Palmer signs with Rinner in Texas (Basketball)
It’s not often a high school freshman will impact a college coach, but John Palmer of Colony is far from ordinary.
The all-state point guard has always played like a veteran, even as a scrawny 14-year-old who held his own against Wasilla in the 2007 ASAA Class 4A championship game. His team didn’t win, but Palmer left an impression on then UAA assistant Shane Rinner.
“I just loved his poise,” Rinner told me.
Fast forward four years.
Rinner is the new head coach at NCAA Division II Texas A&M International and one of the first things he did was sign Palmer to a National Letter of Intent. The 5-foot-10, 150-pounder will join a recruiting class that already includes Nome’s Jeremy Head and a coaching staff of transplants like Rinner, Bryan Weakley, Krehg Perez and Dylan Theis.
“We got a little piece of Alaska down here in Texas,” Rinner said.
Palmer averaged 17 points, 4 assists and 3 rebounds as a senior, leading the Colony Knights to their fourth consecutive trip to the state tournament. He was also named Region III Most Valuable Player and First Team All-State.
“The thing I really like about John is he’s a real student of the game,” Rinner said. “He’s a guy that I’ve seen get better in all facets of his game.”
Rinner said Palmer is an above-average 3-point shooter and crafty playmaker off the dribble.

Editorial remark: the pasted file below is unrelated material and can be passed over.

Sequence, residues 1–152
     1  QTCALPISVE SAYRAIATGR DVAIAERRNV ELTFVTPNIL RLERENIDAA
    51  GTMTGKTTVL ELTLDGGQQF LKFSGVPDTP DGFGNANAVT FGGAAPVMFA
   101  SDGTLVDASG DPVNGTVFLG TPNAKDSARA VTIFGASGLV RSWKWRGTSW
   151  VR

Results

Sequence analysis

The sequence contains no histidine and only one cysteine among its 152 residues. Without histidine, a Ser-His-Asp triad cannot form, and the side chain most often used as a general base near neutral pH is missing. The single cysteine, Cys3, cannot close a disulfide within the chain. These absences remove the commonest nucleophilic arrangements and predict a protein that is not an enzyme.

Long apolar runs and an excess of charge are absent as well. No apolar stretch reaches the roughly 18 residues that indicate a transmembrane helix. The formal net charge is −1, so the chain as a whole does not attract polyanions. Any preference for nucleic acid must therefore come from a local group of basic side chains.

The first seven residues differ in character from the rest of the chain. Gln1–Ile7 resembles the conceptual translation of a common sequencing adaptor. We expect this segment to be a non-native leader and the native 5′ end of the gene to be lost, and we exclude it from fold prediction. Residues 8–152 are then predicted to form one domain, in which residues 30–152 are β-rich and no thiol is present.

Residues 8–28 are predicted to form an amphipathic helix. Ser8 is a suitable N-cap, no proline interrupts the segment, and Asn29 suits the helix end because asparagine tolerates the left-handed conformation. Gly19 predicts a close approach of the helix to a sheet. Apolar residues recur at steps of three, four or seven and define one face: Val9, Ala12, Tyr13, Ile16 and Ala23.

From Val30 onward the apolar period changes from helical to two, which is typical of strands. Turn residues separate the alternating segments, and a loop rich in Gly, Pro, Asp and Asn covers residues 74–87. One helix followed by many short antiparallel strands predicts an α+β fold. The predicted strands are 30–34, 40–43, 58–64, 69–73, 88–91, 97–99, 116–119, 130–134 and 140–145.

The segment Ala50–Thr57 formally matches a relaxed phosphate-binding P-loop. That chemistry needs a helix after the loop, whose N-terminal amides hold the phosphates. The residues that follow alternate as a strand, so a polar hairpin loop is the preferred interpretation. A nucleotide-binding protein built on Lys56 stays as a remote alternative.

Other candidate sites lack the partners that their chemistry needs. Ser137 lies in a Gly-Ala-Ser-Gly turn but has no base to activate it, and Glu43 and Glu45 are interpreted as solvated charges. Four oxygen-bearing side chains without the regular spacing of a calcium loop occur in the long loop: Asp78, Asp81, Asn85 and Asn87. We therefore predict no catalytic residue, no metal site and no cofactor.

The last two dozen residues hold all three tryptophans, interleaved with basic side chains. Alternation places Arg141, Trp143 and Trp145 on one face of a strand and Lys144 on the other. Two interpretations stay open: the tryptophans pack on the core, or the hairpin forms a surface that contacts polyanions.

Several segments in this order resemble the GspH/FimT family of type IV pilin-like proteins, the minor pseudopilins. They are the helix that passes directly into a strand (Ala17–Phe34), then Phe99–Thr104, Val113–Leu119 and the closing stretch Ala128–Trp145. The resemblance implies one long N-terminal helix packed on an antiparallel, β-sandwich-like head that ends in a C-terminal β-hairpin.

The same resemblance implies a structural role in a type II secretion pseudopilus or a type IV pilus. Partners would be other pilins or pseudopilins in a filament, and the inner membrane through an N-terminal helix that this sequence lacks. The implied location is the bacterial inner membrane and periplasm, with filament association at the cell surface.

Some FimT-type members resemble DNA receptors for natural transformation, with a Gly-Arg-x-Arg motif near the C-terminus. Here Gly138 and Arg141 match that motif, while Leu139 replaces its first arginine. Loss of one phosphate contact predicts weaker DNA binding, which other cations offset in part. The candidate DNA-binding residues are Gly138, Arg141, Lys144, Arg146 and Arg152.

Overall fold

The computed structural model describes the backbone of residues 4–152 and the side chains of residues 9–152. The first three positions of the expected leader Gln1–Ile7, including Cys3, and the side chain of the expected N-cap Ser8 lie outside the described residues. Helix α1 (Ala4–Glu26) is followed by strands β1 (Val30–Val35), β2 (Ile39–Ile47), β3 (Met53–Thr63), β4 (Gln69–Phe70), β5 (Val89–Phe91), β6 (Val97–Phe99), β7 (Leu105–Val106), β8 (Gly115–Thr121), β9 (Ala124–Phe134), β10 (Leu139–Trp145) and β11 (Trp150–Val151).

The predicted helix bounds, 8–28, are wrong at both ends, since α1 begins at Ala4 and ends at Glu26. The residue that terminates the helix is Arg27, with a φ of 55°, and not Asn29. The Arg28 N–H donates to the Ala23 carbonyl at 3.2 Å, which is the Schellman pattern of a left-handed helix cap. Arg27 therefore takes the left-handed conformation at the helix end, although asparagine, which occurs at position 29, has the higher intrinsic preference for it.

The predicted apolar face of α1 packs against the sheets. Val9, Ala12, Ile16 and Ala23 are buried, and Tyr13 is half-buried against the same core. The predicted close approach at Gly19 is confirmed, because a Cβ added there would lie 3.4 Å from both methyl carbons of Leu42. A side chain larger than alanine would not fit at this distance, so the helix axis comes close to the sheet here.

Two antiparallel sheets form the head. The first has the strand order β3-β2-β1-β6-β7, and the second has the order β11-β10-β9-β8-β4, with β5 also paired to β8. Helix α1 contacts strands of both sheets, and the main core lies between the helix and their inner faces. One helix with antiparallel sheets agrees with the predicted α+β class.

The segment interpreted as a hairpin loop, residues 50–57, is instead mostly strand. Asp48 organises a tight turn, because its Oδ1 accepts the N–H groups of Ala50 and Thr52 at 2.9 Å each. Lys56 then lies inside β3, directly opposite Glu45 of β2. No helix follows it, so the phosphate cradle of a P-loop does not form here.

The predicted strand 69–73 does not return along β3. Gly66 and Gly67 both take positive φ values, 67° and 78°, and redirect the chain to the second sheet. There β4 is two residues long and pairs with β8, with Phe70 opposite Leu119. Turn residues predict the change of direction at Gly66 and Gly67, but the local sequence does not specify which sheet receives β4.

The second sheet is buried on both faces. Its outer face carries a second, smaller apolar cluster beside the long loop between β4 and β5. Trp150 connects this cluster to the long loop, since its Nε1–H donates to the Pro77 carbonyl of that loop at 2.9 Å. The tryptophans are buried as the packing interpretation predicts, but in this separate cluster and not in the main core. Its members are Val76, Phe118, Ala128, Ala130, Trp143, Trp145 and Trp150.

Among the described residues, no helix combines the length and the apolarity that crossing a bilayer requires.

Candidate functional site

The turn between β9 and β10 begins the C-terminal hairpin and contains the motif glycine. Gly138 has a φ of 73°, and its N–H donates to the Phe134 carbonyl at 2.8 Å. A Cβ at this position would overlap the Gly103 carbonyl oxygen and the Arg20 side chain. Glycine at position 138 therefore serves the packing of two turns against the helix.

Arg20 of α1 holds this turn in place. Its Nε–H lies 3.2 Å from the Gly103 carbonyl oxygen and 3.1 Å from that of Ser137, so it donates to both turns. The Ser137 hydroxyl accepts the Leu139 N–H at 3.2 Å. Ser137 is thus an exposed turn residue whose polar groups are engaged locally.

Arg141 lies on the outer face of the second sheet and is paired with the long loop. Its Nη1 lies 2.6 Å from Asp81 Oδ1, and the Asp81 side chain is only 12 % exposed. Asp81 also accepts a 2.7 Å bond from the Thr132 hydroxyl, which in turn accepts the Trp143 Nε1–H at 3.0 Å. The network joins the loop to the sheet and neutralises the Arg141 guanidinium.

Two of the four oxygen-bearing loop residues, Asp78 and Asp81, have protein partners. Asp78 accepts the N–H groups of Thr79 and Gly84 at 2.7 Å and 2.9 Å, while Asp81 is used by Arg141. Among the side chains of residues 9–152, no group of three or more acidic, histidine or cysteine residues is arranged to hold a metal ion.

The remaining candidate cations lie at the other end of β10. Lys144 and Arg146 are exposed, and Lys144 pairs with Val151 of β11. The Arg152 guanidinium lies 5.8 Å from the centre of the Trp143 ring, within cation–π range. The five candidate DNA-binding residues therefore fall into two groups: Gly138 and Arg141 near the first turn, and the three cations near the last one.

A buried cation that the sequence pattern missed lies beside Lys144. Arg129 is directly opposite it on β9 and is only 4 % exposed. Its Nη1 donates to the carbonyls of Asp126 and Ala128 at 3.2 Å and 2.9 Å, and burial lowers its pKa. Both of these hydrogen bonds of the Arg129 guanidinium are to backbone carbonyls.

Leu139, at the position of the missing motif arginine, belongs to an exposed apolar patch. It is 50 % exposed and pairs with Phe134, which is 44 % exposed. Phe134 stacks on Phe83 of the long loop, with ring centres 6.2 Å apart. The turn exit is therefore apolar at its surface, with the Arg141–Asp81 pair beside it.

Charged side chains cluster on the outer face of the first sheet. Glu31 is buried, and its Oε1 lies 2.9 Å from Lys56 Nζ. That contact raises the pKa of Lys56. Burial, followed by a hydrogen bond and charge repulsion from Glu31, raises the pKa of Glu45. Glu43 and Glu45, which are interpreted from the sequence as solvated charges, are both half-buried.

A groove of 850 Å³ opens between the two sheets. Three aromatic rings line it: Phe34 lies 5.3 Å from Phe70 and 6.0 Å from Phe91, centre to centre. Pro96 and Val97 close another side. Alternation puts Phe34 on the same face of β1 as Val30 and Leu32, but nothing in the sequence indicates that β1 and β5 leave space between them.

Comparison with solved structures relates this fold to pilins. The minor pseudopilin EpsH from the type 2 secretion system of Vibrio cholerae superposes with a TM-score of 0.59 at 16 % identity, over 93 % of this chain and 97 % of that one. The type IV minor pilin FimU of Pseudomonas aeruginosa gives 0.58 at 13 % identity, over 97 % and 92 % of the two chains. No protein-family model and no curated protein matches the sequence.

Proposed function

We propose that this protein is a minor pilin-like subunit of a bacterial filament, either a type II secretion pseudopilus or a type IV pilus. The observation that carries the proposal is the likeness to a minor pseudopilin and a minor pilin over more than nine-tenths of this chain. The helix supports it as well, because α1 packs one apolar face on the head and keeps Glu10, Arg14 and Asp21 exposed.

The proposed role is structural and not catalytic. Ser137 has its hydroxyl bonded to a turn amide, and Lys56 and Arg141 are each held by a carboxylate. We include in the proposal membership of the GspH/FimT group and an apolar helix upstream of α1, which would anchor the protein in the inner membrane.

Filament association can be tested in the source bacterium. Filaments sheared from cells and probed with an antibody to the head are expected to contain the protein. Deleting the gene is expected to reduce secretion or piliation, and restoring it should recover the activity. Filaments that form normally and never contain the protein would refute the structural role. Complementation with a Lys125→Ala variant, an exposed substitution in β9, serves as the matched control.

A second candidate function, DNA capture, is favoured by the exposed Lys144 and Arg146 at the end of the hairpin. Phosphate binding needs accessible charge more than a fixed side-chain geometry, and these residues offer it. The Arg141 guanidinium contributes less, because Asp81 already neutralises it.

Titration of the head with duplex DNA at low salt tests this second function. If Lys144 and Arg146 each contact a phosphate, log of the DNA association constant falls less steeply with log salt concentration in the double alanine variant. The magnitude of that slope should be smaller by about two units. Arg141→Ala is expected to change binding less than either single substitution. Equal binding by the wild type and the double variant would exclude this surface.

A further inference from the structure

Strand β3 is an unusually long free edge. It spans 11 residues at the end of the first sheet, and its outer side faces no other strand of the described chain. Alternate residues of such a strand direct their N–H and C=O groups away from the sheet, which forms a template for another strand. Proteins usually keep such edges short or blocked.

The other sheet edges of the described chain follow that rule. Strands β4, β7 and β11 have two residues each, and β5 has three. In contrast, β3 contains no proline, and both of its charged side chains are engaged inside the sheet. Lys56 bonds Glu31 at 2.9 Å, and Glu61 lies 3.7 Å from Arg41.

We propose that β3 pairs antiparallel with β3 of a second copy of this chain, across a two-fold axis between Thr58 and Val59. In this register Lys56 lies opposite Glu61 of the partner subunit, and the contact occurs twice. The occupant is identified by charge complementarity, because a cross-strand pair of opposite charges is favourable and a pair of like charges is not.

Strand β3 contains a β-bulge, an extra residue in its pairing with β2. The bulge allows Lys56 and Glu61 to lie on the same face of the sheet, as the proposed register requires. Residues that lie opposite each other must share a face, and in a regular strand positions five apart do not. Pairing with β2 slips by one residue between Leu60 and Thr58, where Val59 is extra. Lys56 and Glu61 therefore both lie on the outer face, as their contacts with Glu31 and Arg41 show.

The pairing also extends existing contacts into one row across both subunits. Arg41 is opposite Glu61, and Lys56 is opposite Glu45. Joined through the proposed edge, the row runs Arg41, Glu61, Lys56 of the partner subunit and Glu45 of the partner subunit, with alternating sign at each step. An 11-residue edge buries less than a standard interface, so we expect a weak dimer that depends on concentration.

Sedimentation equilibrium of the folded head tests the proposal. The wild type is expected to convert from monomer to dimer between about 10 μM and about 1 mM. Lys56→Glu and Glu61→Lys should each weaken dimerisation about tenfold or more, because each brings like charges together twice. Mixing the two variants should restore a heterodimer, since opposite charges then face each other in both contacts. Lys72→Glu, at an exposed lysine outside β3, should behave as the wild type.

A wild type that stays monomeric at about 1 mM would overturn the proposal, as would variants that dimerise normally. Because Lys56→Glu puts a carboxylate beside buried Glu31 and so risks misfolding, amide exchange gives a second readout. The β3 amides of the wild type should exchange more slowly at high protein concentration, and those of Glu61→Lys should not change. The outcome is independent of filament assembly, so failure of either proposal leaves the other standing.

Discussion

“He can shoot off either foot in the lane when he gets in there against taller people,” the coach said. “I like his skill set, basketball IQ, toughness and love for the game. He has all that.”
Best of all, Palmer will arrive on campus with an identity.
“Of those Alaska kids at the state tournament that I watched, I liked a lot of them, but he was the only one with a true position,” Rinner said. “I thought Palmer and Justin Kauffman of West were the two that I thought were the most polished basketball players that could actually have a position in college.”
Still, nothing came easy for Palmer even though he looked so confident on the court. Colony coach Tom Berg deserves credit for spending countless hours working with his prized pupil in preparation for the next level.
“They got up together for four years at 5 in the morning three or four days a week and got shots up during the season,” Rinner said. “If Tom doesn’t develop the kid he doesn’t play college basketball, that’s the bottom line.”